I am doing a dining table now and have just completed the stringing on the legs so I thought I would share the process with you. This was my first time to do this but I read a couple of articles and then went ahead with it, forward march into the void. I found it to be fun and interesting plus for what it is worth the end result adds a touch of class to an otherwise standard dining table. I am quite happy with the results.
1. Pictures 1 and 2 show my router setup for stringing. It is a Dremel tool with a router base made by guitar outfitters Stewart and McDonald. I also buy the router bits from them as they make a nice downcut 1/16" carbide bit for use with the Dremel. I originally set the depth a little too deep and broke one bit. Actually for some reason I thought I had made it 1/16" and even did a test cut to confirm. Then after the bit broke I confirmed the depth to be 2.5mm. 1/16" is 1.6mm. Had to order another. On the second run I set the bit 1/16" deep, double confirmed it and was able to finish with no problems.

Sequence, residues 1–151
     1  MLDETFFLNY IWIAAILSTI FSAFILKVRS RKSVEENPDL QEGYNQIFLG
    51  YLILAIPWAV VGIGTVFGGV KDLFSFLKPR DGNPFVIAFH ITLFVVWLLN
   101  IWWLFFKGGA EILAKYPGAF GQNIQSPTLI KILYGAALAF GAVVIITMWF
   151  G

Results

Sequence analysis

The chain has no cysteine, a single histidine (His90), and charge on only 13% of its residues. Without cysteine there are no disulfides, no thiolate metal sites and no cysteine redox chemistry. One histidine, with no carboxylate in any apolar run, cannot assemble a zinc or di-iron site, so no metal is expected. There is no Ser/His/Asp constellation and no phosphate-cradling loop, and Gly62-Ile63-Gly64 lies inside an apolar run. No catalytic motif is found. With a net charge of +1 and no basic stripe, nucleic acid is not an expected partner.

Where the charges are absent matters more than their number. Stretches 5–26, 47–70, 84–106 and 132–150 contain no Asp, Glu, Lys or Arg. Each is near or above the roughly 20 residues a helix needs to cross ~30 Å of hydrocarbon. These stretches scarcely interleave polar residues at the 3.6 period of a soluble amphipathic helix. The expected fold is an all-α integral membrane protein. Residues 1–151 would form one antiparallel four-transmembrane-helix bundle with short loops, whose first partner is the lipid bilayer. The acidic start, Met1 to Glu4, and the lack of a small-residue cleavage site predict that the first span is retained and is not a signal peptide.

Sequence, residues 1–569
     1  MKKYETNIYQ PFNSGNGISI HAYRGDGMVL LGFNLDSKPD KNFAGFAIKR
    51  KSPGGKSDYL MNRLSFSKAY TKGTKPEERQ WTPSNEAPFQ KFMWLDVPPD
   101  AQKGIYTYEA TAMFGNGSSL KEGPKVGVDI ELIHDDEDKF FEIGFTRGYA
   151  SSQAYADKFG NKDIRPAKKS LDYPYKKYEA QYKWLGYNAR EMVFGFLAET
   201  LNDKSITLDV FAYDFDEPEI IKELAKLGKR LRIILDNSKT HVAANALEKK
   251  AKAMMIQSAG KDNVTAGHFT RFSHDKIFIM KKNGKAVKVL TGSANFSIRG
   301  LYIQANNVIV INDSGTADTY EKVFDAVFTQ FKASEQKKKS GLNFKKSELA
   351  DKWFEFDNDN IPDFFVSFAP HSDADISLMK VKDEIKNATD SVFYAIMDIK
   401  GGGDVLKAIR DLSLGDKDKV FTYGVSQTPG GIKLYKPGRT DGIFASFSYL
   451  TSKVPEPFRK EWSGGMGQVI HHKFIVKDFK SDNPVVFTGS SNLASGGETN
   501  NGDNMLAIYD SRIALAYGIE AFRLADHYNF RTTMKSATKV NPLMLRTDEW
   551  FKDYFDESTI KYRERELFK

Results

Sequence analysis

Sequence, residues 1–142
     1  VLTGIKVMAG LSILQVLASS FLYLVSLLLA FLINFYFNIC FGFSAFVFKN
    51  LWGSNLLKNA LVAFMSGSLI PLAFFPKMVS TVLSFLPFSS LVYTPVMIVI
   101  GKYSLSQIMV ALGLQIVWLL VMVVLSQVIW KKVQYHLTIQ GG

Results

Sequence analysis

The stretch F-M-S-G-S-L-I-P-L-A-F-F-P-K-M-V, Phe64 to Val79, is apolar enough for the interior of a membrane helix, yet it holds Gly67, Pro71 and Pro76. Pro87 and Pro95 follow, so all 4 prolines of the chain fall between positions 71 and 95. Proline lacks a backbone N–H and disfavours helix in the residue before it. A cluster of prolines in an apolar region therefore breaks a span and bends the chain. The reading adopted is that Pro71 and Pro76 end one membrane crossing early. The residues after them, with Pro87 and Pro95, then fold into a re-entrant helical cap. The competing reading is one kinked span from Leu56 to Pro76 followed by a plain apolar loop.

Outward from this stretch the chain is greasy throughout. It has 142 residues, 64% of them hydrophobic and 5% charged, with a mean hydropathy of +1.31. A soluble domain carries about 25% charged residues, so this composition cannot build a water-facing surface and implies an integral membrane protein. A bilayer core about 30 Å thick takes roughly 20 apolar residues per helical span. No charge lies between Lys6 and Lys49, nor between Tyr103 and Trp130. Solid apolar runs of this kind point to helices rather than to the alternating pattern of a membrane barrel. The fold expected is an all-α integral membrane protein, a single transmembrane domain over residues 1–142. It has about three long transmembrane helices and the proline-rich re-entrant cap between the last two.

2. Picture 3 shows my stop block setup. The end blocks are rabbetted so they simply fit on the ends and clamp down. Also they they are sized so that the rectangle is equidistant from the all edges concerned.
3. Picture 4 shows the routing. Patience and a steady hand.
4. Pictures 5 and 6 show the routed groove. Just have to chisel out the outside corner to make it 90 degrees and then they are ready to take the stringing inlay.
5. Picture 7 shows the stringing next to the legs. I cut them on the band saw and table saw then I put them through the drum sander.
6. Picture 8 and 9 show my method for cutting the mitered strings to length. I am using a 45 degree shoulder square and sharp chisel. This way I am able to make the thinnest cut if I need to trim or make a space filler.